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An article published yesterday by Philip J. Martin in the Toronto Star has a good discussion of the strategic role of publicly traded REITs, and makes four specific recommendations. Martin is a Morningstar equity strategist with 20 years of experience in real estate investment. His recommended REITs are:

Those recommendations are based on a detailed set of investment criteria:

  • A history of incremental increases in both portfolio Net Asset Value and business model fair value (Morningstar's net asset value added and fair value analysis).
  • A full-service real estate skill set (acquisition, development, property management), which we feel more appropriately positions the equity REIT to exploit growth opportunities and manage risk, and cash flows throughout the real estate cycle.
  • Lower FFO dividend payout ratios (top 20% of industry, which we currently estimate to be 35%-40%).
  • Debt/EBITDA less than 6.0 times.
  • Fixed charge coverage ratios more than 2.5 times.
  • Niche, competitively advantaged operating strategies.
  • Operating strategies and portfolios focused on need-driven, less cyclical consumer services, such as health care or necessity/value retail.
  • Operating strategies not overly dependent on strong economic and employment growth or consumer discretionary spending.

Beyond the specifics of making current "buy" calls, Martin's piece has a good analysis of both the long-term strategic benefits of a REIT allocation and the current market opportunity for REITs:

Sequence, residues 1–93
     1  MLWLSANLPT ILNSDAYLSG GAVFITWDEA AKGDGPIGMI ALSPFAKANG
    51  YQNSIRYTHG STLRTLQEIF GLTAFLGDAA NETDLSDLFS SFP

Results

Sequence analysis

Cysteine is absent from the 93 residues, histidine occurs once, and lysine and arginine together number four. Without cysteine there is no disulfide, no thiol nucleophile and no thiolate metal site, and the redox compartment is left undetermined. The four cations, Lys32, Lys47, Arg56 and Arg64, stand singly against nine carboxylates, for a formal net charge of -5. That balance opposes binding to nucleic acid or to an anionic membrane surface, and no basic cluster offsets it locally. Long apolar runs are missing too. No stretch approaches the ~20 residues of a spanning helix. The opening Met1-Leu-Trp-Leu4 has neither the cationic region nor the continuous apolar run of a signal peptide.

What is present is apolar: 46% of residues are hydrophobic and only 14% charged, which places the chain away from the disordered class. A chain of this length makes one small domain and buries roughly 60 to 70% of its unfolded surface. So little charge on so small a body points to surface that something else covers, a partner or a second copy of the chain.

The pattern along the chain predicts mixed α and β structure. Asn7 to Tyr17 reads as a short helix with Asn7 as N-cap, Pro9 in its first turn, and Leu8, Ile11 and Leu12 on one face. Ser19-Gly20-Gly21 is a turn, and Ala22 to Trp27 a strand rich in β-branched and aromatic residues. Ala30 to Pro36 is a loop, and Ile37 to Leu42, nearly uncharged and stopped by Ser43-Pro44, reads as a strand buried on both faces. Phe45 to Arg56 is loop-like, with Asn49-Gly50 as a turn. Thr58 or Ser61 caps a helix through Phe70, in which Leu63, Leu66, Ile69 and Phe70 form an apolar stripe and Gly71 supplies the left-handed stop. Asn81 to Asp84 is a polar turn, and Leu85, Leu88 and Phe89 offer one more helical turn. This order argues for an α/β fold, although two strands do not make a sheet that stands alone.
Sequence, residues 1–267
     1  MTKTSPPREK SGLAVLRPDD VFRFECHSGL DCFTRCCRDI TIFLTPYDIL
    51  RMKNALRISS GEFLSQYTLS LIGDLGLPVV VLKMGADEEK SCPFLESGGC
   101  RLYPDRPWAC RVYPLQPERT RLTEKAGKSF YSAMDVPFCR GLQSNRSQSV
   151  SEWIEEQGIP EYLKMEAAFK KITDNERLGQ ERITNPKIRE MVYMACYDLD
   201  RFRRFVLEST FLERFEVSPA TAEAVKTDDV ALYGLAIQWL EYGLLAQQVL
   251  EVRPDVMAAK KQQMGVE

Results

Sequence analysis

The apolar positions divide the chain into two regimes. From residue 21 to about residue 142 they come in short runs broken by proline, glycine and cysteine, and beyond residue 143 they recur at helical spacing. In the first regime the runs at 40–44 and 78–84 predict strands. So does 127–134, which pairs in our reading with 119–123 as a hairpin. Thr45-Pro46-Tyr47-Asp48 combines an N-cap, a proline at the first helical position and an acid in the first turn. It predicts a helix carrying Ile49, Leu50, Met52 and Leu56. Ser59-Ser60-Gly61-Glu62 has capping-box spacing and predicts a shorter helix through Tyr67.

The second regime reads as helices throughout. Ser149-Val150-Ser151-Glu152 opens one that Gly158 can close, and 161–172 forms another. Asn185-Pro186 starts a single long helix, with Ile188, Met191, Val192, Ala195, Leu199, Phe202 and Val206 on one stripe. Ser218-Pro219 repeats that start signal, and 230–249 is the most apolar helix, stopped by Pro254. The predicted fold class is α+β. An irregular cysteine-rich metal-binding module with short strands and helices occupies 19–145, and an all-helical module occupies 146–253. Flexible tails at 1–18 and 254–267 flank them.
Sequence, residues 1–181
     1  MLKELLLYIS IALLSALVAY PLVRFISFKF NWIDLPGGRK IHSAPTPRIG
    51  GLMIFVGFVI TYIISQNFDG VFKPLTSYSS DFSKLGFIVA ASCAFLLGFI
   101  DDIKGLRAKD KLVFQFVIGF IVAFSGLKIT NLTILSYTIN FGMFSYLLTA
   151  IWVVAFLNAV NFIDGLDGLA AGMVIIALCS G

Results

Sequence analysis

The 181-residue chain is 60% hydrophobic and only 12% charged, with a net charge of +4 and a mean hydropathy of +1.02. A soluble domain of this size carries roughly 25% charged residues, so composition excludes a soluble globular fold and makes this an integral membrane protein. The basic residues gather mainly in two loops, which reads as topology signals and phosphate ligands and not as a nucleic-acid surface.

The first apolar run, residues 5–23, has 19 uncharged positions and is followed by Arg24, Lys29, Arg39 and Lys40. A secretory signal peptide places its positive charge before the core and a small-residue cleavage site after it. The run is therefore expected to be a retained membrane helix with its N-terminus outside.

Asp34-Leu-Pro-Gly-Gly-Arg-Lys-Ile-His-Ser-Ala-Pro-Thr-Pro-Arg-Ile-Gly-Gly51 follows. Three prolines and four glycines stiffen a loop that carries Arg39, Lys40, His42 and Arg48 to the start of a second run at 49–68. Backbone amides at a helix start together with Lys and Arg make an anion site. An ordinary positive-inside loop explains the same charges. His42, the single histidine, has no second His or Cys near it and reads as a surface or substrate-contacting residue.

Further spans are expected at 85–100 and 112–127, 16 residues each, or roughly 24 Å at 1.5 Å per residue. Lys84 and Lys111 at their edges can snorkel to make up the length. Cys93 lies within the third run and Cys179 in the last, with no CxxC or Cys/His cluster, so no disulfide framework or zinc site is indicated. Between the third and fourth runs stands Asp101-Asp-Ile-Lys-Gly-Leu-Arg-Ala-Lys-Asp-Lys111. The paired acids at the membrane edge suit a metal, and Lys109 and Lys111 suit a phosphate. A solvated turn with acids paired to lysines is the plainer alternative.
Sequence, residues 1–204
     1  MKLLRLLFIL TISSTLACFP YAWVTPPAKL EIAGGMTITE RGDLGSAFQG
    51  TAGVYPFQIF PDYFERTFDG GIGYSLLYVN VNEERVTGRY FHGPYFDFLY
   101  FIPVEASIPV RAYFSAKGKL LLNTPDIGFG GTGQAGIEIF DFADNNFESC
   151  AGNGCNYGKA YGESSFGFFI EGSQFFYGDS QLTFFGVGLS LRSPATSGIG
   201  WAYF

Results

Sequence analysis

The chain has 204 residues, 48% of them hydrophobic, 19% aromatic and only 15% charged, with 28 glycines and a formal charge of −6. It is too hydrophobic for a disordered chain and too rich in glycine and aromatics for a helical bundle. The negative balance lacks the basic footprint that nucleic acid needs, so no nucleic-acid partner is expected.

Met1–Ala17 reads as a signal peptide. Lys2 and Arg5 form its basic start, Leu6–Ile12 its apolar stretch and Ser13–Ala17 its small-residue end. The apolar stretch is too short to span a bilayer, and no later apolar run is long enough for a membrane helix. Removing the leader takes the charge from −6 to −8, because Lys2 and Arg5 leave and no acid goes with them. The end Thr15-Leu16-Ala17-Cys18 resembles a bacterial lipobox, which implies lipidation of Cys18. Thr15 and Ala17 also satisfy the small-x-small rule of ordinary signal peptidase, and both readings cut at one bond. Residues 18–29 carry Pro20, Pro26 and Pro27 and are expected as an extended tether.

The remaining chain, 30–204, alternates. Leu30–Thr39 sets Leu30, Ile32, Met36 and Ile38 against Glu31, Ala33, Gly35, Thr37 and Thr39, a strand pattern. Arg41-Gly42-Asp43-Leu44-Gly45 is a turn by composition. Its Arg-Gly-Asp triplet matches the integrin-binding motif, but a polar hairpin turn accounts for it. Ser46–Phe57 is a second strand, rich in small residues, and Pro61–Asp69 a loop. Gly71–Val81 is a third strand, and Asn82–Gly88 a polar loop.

We believe equity REITs should be part of a long-term investment strategy based on a number of benefits, including diversification, their ownership of high-quality commercial real estate portfolios, sustainable yield and income growth potential, flexible capital structures, and relative risk, reward, and volatility. We also feel equity REITs are well-positioned to manage through potentially challenging economic circumstances, including slower than expected economic growth and/or rising inflation or interest rate environments.

Finally, Martin's piece summarizes the results of Morningstar research showing that a REIT allocation of 20% of the total investment portfolio has historically boosted portfolio returns while also reducing portfolio risk:

According to a Morningstar study, since 1972, a diversified portfolio (stocks, bonds, treasury bills) with 20% allocated to equity REITs experienced an average annualized total return and Sharpe ratio of 10.5% and 0.45, respectively. For comparison purposes, the diversified portfolio with no allocation to equity REITs delivered an average annualized total return and Sharpe ratio of 10% and 0.39, respectively. The Sharpe ratio helps determine how well an investor is compensated for the risk taken in a specific investment. The higher the Sharpe ratio, the better. In short, the diversified portfolio, including a 20% REIT allocation, generated higher returns with lower risk.

I should point out that last week I posted a different article with four REIT recommendations by Martin, including ARE and O (which also appear in the Toronto Star article) along with Federal Realty Investment Trust (NYSE:FRT) and Health Care REIT (NYSE:HCN). I've seen recent Seeking Alpha articles by other authors that included discussion of several of these companies, including O, ARE, VTR, OFC, and FRT.

Disclosure: I am long Vanguard REIT Index Fund and ING Global Real Estate Fund.

Disclaimer: The opinions expressed in this post are my own and do not necessarily reflect those of the National Association of Real Estate Investment Trusts (NAREIT). Neither I nor NAREIT are acting as an investment advisor, investment fiduciary, broker, dealer or other market participant, nor is any offer or solicitation to buy or sell any security investment being made. This information is solely educational in nature and not intended to serve as the primary basis for any investment decision.

Source: 4 REITs Recommended by Morningstar